Mango crops are now being cultivated in most of the tropical frost-free and warmer subtropical climates. More than a third of the world’s mangos are being cultivated in Asia comprising Pakistan, China and India. Other cultivators include South, North and Central America, the Caribbean, west, south, and central Africa, Australia, Bangladesh, and Southeast Asia.

Pakistan is the largest exporter of mango, it accounts for about one percent of the international mango trade, consuming most of its own mango output.

The mango is normally sweet, though the taste and texture of the mango flesh varies across cultivars, some having a pulpy and soft texture like an overripe plum, whereas others have a firmer flesh.

Mangoes are frequently used in cuisine. Unripe and sour mangoes are put into play in chutneys, pickles or side dishes. They also can be eaten raw with chili, salt or soy sauce. A cooling summer drink can be made with a mixture of milk to make mango shakes with some added sugar.

Ripened mangoes are characteristically eaten fresh; however, they can have many other culinary usages. Mango Lassi, a well-liked drink made throughout South Asia, is formed by mixing ripened, skin removed mangoes or mango pulp with yogurt and sugar to taste. Ripened mangoes are also used to prepare curries. Mangoes can be utilized to make mango nectar, juices and as a flavoring agent and a major ingredient in ice cream and sorbates.

In Central America, mangoes are either consumed green mixed with vinegar, salt, hot sauce and black pepper, or ripened in various forms. Toasted and grounded pumpkin seed (pepita) with lime and salt are the usual norms while eating green mangoes. Some people also add chili sauce or soy sauce to it to enhance the taste.

Portions of ripened mango can be mashed and applied as a topping on ice cream or can be blended with milk and ice to make milkshakes. Sweet glutinous rice flavored with coconut can be served with sliced mangos as a dessert.

Having read all the above usages of mangoes, if you are feeling your mouth filled with water then click on to www.royalfarmsinternational.com and place an order. We would be happy to supply you our best ripened as well as unripe mangos in a very competitive price.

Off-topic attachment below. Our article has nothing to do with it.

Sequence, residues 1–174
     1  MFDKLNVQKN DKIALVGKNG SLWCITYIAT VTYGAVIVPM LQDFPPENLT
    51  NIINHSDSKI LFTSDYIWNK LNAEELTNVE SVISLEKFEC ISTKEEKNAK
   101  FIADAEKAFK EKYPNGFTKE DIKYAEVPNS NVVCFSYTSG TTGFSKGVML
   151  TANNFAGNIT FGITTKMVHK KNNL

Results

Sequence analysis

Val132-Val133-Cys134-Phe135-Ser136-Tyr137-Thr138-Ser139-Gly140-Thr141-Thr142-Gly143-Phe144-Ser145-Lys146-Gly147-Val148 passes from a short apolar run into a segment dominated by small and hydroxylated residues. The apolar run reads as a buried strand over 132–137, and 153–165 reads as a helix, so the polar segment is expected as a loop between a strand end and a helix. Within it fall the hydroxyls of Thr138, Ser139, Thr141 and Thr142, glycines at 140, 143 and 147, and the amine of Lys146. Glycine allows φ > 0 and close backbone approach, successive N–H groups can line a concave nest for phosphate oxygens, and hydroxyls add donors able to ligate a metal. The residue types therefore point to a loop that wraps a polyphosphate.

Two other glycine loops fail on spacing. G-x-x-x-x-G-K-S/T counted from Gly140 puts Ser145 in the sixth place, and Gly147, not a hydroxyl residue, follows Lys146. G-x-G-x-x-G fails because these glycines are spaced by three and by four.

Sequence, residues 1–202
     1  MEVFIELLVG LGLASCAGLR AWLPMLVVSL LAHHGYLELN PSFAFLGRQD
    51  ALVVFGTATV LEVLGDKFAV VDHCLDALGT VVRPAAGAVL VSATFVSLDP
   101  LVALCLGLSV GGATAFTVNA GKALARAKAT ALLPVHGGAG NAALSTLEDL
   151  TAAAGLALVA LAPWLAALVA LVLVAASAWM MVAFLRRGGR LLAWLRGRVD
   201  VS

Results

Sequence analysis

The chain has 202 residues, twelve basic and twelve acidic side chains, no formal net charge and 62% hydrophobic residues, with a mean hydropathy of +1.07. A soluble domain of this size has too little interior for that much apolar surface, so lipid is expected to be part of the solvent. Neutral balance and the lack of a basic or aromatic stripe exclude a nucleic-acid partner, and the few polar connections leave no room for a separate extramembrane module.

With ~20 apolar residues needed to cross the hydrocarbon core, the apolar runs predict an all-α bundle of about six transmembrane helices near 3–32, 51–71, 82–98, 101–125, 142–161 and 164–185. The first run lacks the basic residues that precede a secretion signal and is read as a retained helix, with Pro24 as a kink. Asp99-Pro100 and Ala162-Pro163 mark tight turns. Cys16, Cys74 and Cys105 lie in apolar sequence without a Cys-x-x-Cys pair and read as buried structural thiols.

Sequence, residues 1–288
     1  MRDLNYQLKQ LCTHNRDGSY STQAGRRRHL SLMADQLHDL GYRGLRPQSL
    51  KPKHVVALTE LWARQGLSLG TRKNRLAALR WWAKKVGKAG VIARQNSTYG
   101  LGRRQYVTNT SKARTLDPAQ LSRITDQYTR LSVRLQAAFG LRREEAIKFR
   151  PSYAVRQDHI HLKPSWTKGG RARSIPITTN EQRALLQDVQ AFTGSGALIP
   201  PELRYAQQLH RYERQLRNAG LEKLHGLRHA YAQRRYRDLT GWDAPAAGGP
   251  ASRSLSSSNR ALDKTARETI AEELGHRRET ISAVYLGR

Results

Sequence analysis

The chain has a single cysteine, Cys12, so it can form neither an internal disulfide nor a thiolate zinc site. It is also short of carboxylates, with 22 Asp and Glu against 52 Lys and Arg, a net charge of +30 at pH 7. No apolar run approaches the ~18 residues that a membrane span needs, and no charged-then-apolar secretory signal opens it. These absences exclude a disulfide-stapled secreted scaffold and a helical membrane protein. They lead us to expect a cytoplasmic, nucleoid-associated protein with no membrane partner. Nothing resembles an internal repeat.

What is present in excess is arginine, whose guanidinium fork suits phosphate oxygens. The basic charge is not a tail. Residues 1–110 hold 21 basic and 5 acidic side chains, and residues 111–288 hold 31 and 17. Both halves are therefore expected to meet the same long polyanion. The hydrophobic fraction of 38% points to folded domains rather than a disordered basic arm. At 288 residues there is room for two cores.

Kinnow (Orange)

Kinnow (Orange) has become a major export item of Pakistan with still brighter prospects for future as the country’s researchers hope to develop soon a seedless variety of the soft-scented, juicy fruit.
Cultivated primarily in the plains of Punjab province of Pakistan, Kinnow was first developed by H.B. Frost at the University of California at Riverside in 1935 by cross-pollinating the King and the Willow-Leaf varieties of mandarin, according to Handbook of Fruits and Fruit Processing (Wiley, John and Sons. 2006)

Pakistani Kinnow is grown under totally natural climatic conditions. The produce is sun-ripened on the trees and carefully hand picked precisely at the right time. Pakistani Kinnow is known as the best in taste and quality throughout the world and we are in the process to develop its seedless variety. The work on seedless variety was underway at National Institution of Agriculture and Biology Faislabad in collaboration with Pakistan Atomic Energy Commission. Every year Kinnow exports bring precious foreign exchange and it is hoped that the seedless variety will boost it further. The expert said this year’s Kinnow exports would amount to 240,000 metric tonnes.

 

Iran, Ukraine, Russia, Uzbekistan, UAE, Saudi Arabia, Tajikistan and East Europe are the largest export markets for Pakistani Kinnow. However, according an expert there was more room for Pakistani Kinnow in Europe and Iran. Kinnow orchards in Pakistan are mainly located in Mianwali, Sargodha, Multan, Khushab, Mandi Bahauddin, Toba Tek Singh, Jhang, Laiyah and Bhalwal districts of Punjab.

 

The Kinnow (Orange) season in Pakistan starts in mid-November and extends normally upto April. Other varieties of orange including malta, musambi and fruiter that only contribute 25 percent of the total production of citrus fruit.

 

At Royal Farms International we grow a finest seed and after plucking the fruit, the next step is processing. For processing we select excellent Kinnow fruits, which are meant for export. These Kinnow fruits are first washed, waxed and treated with anti-fungus medicines. This keeps the Kinnow fruits fresh up to two months. At this time there were about 200 Kinnow processing units in Pakistan, most of them established recently. These units contribute a lot in enhancing the quality of Pakistani Kinnow for export purposes. As far as the requirement of Kinnow in Pakistan is concerned it is not only a much produced fruit but also much consumed in the local consumer markets.

 

At Royal Farms International, our experts chose the best quality Pakistani Kinnow (Orange) for export to the demanding customers all over the world.